Over the holidays, I had the pleasure of getting to play a new game that quickly became my son's and my favorite over the holiday break (when we try to play lots of games together). It's my friend Doc Popular's KnifeTank and he was kind enough to send me a prototype copy.
When I got the game, I was excited, but with reservations. No offense to Doc, but I expected it to be light and gimmicky, something of a vanity project. What I wasn't expecting was a game I instantly wanted to play over and over again and invite my friends to come and play (which I did). KnifeTank can hold its own against anything coming out of a large commercial game company and I look forward to it enjoying a long and happy life, with many expansions and a worldwide, enthusiastic player community.
KnifeTank comes in a poker-type tuck box and includes everything you need to play. You get 30 action/movement cards, 8 tanks (4 two-sided cards), 4 health cards, and 5 damage cards. The box also contains a rule book and there are two rules summary cards. The game is for 2-4 players and rated ages 12 and up. Each game takes about 20-30 minutes to play. The goal of the game is get your tank from your table's edge to your opponent's edge or to eliminate your opponent(s) by reducing their health/hits to zero.
Those familiar with tabletop miniature games like Star Wars X-Wing and Gaslands will likely dig the movement mechanic here. Read the rest
After Boing Boing and other sites wrote about the Squidmar Miniatures video where Emil challenged painters on Fivver to paint a mini for him, the video went viral. Others painters approached him about doing another video that they could participate in and even Fivver itself wanted in on the action.
So, Emil decided to issue another challenge. With $600 provided by Fivver, he sent one mini from the Zarbag's Gitz warband for Warhammer Underworlds to eight painters (I guess paying them $75 each?). This time, he didn't give them any directive beyond using their creativity. For some additional inspiration, he also provided them with a little animated story describing Zarbag's Gitz.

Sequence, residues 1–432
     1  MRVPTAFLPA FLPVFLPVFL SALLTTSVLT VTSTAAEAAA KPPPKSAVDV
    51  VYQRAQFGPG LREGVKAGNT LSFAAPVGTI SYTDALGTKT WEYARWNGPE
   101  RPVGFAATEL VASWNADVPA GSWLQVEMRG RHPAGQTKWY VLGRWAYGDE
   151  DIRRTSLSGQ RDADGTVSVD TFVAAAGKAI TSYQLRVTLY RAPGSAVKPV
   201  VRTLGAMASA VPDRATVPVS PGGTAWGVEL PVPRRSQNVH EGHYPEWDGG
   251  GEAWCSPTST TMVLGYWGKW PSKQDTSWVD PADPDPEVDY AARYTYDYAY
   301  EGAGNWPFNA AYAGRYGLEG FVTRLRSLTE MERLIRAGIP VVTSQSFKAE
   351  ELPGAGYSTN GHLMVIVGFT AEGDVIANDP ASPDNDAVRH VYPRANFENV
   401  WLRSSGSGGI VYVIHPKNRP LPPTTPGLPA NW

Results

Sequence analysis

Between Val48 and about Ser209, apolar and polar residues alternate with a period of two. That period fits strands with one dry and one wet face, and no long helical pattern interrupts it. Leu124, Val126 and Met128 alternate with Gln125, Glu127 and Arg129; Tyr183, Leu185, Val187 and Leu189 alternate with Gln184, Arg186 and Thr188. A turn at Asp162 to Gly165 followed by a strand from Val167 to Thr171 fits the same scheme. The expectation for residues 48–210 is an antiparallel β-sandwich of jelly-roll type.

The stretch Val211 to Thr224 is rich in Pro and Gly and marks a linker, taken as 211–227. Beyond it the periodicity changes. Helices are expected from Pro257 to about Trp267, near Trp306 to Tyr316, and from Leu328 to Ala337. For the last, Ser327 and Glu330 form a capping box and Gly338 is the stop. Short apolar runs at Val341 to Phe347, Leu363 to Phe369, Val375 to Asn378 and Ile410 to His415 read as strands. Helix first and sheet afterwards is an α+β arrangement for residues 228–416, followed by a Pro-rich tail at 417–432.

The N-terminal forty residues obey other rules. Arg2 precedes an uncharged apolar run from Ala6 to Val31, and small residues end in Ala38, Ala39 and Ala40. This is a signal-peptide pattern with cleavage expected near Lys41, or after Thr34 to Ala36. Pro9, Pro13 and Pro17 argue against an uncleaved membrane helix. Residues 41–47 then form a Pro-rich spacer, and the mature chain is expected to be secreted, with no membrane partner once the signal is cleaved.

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On Black Magic Craft, Jeremy usually builds scenery for tabletop fantasy and sci-fi gaming. But, inspired by his new 3D resin printer, he decided to create something just for fun.
Given the Nerdisphere's current obsession with The Mandalorian, he settled on a Mandalorian and baby Yoda diorama. The results are impressive, one of the coolest things I've ever seen Jeremy build.
The video contains lots of great build tips that can be applied to tabletop gaming terrain, dioramas, or any type of hobby modeling. Good stuff. Read the rest
One of my favorite new gaming miniature painting channels is Emil Nyström's Age of Squidmar. In just six months of making videos, Emil has already established himself as a content creator to watch. Not only is he a talented miniature painter and painting teacher, he also chooses fun themes for his channel that go beyond things like painting weapons with non-metallic paint, using a wet palette, and model basing (all of which he's covered).
In the above video, Emil ventures onto the online marketplace Fiverr, finds some miniature painters there, and requests that they paint a single Warhammer 40,000 Space Marine. To make the challenge more interesting, he kept his identity secret and sent them a reference model from Golden Demon painter, Antonio Peña, and asked them to paint a Primaris Intercessor in Imperial Fists colors, one of the most difficult Space Marine color schemes in the 40K universe.
He got quotes in response that ranged from $10 ($25 with shipping) to $110. After several painters bailed, he went beyond the confines of Fiverr and commissioned two pro painters, asking for a $40 paint job from one and a $100 job from the other. He ended up commissioning six painters.
The results across the board were pretty decent. Even the $10 jobs were very respectable tabletop quality. The most impressive for the money ($40) was the model seen above. They even painted a display on the Auspex (Space Marine handheld scanner). This painter also did a two-part video of him painting the model. Read the rest
Karen Wang launched a Kickstarter campaign yesterday for custom gaming dice with a modest funding goal of $20,000. Twenty-four hours later she's raised $1.66 million and the number continues to go up. I am especially enamored of the enamel pins she made:
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